Industrial news in brief

Published on: Wed, 05/09/2012 - 12:17

Workers at Sheffield’s five household recycling centres have recommenced industrial action after deeming management’s latest offer unacceptable.

The action, which aims to reverse cuts to the services’ budget and opening hours (leading to working hour and therefore pay cuts for workers), began earlier this year. 28 days of strikes by GMB members forced Sheffield Council and Veolia/SOVA (the private contractors which operate the centre) into negotiations over the cuts.

Affected staff at the sites have found themselves economically devastated by reductions in hours; since many of them are barely

Remploy workers launch week-long strike

Published on: Wed, 05/09/2012 - 12:09

Following a 100% vote in favour of strike action, pickets were out in force at the Remploy factory in Springburn (Glasgow) on Monday 3 September, the first day of a week-long strike. Remploy workers in Chesterfield were also out on strike.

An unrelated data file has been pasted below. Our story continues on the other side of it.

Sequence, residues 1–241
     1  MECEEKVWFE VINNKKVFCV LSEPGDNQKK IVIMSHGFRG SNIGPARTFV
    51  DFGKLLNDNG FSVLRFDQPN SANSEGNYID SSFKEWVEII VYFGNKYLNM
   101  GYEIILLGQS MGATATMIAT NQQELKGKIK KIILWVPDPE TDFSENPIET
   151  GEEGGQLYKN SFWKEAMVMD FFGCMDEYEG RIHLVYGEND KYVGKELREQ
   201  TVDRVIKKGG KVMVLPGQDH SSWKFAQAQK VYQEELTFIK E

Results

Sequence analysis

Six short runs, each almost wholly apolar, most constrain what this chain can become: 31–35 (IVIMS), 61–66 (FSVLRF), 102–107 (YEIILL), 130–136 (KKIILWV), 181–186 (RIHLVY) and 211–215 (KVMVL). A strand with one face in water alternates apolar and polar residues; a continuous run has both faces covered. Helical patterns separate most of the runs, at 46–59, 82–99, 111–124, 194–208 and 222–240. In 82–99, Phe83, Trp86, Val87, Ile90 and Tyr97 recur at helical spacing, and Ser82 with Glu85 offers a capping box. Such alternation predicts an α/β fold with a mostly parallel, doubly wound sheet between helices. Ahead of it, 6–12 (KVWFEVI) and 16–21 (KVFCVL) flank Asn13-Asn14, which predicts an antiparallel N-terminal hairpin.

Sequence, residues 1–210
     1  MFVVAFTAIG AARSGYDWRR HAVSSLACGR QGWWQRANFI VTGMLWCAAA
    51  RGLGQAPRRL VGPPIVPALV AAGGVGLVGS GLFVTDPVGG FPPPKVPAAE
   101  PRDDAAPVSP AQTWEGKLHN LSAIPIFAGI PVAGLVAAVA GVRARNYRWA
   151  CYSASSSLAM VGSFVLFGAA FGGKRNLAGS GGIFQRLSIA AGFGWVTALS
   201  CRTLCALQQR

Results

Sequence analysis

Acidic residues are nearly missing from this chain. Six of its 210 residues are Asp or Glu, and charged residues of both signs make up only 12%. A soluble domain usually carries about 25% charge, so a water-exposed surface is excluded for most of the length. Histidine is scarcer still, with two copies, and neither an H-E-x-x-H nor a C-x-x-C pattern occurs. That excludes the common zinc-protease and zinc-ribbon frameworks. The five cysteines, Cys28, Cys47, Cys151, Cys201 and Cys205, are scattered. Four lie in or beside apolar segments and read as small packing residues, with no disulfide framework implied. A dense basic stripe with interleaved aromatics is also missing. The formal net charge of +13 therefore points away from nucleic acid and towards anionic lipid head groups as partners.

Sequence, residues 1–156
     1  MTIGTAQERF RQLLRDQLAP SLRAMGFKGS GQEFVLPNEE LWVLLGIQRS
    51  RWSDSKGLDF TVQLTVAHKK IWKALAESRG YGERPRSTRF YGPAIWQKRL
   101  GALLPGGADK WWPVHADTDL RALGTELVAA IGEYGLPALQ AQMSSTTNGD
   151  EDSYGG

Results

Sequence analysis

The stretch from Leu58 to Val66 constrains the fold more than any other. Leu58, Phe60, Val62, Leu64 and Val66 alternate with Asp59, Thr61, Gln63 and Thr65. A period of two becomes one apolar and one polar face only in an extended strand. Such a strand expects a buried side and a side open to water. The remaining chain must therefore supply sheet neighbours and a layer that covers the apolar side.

Phil Brannan, who works in the Springburn factory and is GMB Remploy Shop Stewards Convenor (Scotland), explained the background to the strike to Solidarity:

“The strike in Springburn will be for four days because we work a four-day, 35-hour week here. But in Chesterfield they work a night shift as well, so the strike there will be for five days.

“The only

Edith Lanchester: A socialist pioneer against patriarchy

Published on: Wed, 05/09/2012 - 12:07

Edith Lanchester (1871-1966) was a British socialist and feminist.

She was born to a prosperous architect and grew up in Battersea, south London; she became a prominent activist in the Marxist Social Democratic Federation (SDF).

By her mid-20s she was a schoolteacher, then worked as a secretary to Eleanor Marx, daughter of Karl Marx and a prominent activist in her own right.

In 1895 Lanchester caused a storm when she announced that, in protest against Britain's patriarchal marriage laws, she was going to cohabit with her lover, an Irish factory worker, James Sullivan. Her socialist feminist